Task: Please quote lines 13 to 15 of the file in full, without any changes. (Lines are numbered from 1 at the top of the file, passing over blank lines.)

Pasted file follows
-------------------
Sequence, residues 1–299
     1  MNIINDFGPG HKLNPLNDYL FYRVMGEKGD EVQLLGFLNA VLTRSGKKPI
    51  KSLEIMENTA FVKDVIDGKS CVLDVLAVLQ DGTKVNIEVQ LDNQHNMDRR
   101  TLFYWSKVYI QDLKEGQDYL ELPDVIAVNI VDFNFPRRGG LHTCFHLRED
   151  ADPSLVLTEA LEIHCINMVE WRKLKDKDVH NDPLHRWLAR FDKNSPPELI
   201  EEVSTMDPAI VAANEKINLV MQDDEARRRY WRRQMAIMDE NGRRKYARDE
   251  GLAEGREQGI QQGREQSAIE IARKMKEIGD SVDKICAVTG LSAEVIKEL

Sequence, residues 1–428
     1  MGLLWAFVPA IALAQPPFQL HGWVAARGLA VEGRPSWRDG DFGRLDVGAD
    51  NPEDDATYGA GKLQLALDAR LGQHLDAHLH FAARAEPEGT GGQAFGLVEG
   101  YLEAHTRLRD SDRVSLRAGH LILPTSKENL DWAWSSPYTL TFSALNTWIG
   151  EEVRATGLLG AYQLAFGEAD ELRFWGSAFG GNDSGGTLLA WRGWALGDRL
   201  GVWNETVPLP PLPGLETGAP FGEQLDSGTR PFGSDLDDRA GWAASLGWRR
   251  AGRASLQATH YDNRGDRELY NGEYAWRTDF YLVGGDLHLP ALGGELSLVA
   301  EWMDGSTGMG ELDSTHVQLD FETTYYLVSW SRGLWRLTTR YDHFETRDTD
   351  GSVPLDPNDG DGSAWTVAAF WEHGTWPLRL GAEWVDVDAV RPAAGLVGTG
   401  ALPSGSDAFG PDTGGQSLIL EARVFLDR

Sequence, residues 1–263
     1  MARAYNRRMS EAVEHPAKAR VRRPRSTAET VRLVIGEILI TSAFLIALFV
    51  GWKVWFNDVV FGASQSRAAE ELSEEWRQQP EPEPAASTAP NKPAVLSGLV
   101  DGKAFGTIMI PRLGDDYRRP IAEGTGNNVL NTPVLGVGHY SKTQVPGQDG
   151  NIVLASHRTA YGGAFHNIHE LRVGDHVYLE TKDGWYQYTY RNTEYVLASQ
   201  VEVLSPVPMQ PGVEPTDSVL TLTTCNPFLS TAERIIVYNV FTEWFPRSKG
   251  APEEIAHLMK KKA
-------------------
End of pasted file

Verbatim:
   201  GVWNETVPLP PLPGLETGAP FGEQLDSGTR PFGSDLDDRA GWAASLGWRR
   251  AGRASLQATH YDNRGDRELY NGEYAWRTDF YLVGGDLHLP ALGGELSLVA
   301  EWMDGSTGMG ELDSTHVQLD FETTYYLVSW SRGLWRLTTR YDHFETRDTD